The federal government may spy on Americans’ communications without warrants and without fear of being sued, a federal appeals court ruled Tuesday in a decision reversing the first and only case that successfully challenged President George W. Bush’s once-secret Terrorist Surveillance Program.

In other words, the government can freely and secretly violate the Constitution, with absolutely zero accountability or oversight, and there’s nothing anyone can do about it. They can watch everything we do, and we cannot watch what they do.

Violence and lack of belief

With the recent shootings at the movie theater and the Sikh temple, a lot of people are pointing fingers at unbelief, and saying that the reason we have so much violence today is because we’ve lost the faith that used to guide us, that sense of supernatural reward and punishment that helped us resist evil and do good.

You know, they might have something. I mean, there’s a pretty definite pattern here. Not just the two most recent gunmen, but any number of violent criminals before them, are men who have lost the simple faith they once had in Santa Claus, who “knows if you’ve been bad or good, so be good for goodness sake.” I’m sure that if they had only held on to their original, childlike belief in an all-seeing Father Christmas, making a list and checking it twice, they’d have never done anything so terrible.

It just goes to prove that Santa actually exists, doesn’t it.


Plants vs. the Gospel

Via PZ Myers at Pharyngula comes this delicious tidbit from veteran creationist Henry M. Morris.

Obviously, animal and human life are different from plant life. In fact, the Bible uses the Hebrew word chay (life) and its derivatives 763 times in the Old Testament, never applying that term to plants or vegetation. No place in Scripture attributes chay to plants; only living creatures possess life.

Plants are indeed marvelous, beautiful, complex, and able to reproduce “after their kind,” but they are designed by the Creator to be a source of energy to maintain life. Plants are food—they are not alive.

Now, let’s all turn in our Bibles to the Epistle of Saint Paul unto the Corinthians, chapter 15, verses 35 through 38.

But someone will ask, “How are the dead raised? With what kind of body will they come?” How foolish! What you sow does not come to life unless it dies. When you sow, you do not plant the body that will be, but just a seed, perhaps of wheat or of something else. But God gives it a body as he has determined, and to each kind of seed he gives its own body.

So to understand the resurrection of Jesus, we need first of all to understand that plants are not alive, and therefore can never be said to “come to life.” Therefore what Saint Paul is telling us here is that when the dead are “raised,” they are raised in bodies that are not alive.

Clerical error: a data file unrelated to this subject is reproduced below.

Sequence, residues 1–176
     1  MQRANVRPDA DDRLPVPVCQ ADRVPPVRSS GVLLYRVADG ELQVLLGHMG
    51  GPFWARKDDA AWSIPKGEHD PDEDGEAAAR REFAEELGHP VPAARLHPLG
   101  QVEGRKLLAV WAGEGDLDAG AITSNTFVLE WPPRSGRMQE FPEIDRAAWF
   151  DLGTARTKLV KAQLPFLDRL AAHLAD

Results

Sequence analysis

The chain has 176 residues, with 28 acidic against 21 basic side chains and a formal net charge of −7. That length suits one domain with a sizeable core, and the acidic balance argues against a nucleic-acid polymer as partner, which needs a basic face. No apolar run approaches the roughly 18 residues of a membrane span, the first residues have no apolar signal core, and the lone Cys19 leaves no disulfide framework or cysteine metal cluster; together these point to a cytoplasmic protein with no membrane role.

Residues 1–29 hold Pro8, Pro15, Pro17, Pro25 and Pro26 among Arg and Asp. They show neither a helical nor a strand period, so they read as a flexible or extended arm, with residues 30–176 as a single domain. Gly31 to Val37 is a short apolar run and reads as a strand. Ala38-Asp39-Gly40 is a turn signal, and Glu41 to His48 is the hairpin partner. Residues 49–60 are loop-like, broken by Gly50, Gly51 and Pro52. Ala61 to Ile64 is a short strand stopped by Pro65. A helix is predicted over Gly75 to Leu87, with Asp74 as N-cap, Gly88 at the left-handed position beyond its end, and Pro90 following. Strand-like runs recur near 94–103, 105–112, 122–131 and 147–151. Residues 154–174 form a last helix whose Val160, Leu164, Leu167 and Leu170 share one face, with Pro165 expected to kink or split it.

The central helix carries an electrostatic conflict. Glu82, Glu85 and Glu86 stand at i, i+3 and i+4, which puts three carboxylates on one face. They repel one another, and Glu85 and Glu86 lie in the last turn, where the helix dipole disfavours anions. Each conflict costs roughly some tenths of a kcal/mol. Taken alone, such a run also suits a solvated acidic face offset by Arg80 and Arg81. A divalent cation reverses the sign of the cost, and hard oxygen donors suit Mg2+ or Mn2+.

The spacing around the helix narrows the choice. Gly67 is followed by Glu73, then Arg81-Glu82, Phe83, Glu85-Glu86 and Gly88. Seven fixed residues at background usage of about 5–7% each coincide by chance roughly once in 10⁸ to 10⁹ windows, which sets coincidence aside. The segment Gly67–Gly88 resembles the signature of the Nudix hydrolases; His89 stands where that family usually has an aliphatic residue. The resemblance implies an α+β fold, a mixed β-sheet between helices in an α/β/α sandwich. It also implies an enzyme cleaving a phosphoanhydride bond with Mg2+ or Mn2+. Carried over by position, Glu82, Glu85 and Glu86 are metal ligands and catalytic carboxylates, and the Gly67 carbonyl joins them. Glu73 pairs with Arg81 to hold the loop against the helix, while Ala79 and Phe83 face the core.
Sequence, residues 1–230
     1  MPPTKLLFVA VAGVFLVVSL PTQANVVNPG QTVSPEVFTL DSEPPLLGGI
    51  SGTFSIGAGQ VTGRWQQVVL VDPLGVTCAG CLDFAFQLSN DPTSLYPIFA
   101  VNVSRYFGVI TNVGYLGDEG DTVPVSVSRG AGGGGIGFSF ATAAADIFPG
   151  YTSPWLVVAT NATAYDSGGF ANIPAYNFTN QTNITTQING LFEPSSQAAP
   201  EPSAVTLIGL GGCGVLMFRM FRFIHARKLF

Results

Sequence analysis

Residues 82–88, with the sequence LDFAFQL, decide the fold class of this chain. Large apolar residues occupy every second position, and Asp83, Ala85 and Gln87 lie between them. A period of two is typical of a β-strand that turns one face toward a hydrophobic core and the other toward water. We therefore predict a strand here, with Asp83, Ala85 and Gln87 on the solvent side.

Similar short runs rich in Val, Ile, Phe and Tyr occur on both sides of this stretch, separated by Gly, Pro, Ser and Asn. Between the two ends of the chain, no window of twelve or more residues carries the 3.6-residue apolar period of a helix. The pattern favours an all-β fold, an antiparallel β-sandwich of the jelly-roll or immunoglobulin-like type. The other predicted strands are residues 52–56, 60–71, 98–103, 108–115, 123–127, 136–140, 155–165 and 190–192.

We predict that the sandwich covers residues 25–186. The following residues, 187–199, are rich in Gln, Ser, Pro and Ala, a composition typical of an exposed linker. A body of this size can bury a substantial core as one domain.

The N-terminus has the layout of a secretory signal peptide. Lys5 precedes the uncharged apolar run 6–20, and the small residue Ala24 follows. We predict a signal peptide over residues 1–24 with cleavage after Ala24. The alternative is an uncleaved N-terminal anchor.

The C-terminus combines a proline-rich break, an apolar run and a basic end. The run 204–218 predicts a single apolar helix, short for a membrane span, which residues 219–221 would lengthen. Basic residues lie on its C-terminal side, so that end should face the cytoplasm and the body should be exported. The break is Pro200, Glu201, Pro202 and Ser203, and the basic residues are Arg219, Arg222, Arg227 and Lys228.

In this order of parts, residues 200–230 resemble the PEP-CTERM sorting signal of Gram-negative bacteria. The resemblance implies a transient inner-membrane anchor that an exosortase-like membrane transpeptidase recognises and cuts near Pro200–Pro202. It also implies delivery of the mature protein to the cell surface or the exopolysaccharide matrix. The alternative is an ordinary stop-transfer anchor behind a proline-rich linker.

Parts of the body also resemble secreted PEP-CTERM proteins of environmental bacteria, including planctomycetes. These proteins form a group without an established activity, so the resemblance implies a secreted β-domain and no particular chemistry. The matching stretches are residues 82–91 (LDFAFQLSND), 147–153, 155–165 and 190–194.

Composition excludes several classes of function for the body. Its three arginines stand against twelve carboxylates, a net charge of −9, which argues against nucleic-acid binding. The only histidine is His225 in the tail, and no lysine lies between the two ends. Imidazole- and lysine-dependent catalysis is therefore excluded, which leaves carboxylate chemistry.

Wow, that explains a lot. Creationism sure makes the Bible a lot clearer. Thanks, Dr. Morris! But wait, it gets better.

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Taking God at His Word

A while back I pointed out one of the sayings of Jesus that seems to put him firmly in the hell-is-eternal-suffering camp, because he said it was better to go to heaven blind or maimed than to go to hell with a whole body. That’s an advantage that only makes sense if you stay in hell forever, because otherwise he’d be saying it’s better to be blind and maimed in heaven for all eternity than to be whole in heaven for all eternity after a relatively insignificant time in hell. Since the latter alternative is nonsense, it’s a lot more reasonable to count Jesus as someone who believed in eternal punishment.

Someone named brenda offers the following rebuttal:

“Obviously, that’s nonsense.”

Yes, it is nonsense. That is why only atheists and fundamentalists interpret the Bible literally. Atheists and snake handlers make a such loverly pair of clowns.

Oo, that one hurts, eh? It’s a good thing she never interprets the Bible literally, by believing, say, that Jesus is literally God Incarnate and literally rose from the dead. But what’s missing from this response? That’s right: she hasn’t told us what the correct/non-literal interpretation is supposed to be. And for good reason—the result is the same whether you take the story literally or not. Kinda takes the punch out, doesn’t it?

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Magic Story Syndrome

Back in the good old days, I once watched an episode of Candid Camera in which Alan Funt gathered a bunch of people with a sub-par sense of humor, told them a joke, and then recorded them trying to re-tell the joke to other people. The bit was pretty comical, because the people tended to mangle the punch line so badly that you could tell they never really understood the joke in the first place. And yet they told the joke anyway, and expected people to laugh.

I’ve been reading some accounts recently of unbelievers trying to have a discussion with presuppositionalists (e.g. Russell Glasser and Aron Ra), and something about presuppositionalism reminds me of Candid Camera. It’s almost as though the presuppositionalists are just repeating a story, with no real understanding of how that story is supposed to work, in order to obtain an expected response. And in fact, I think for many believers, that’s exactly what is happening. The Gospel isn’t just a story, it’s a magic story. Maybe there are things about it that you don’t understand. Maybe there are things that don’t make sense. But never mind. Just tell the story, and sooner or later it’s going to produce a magical result, and people will be saved.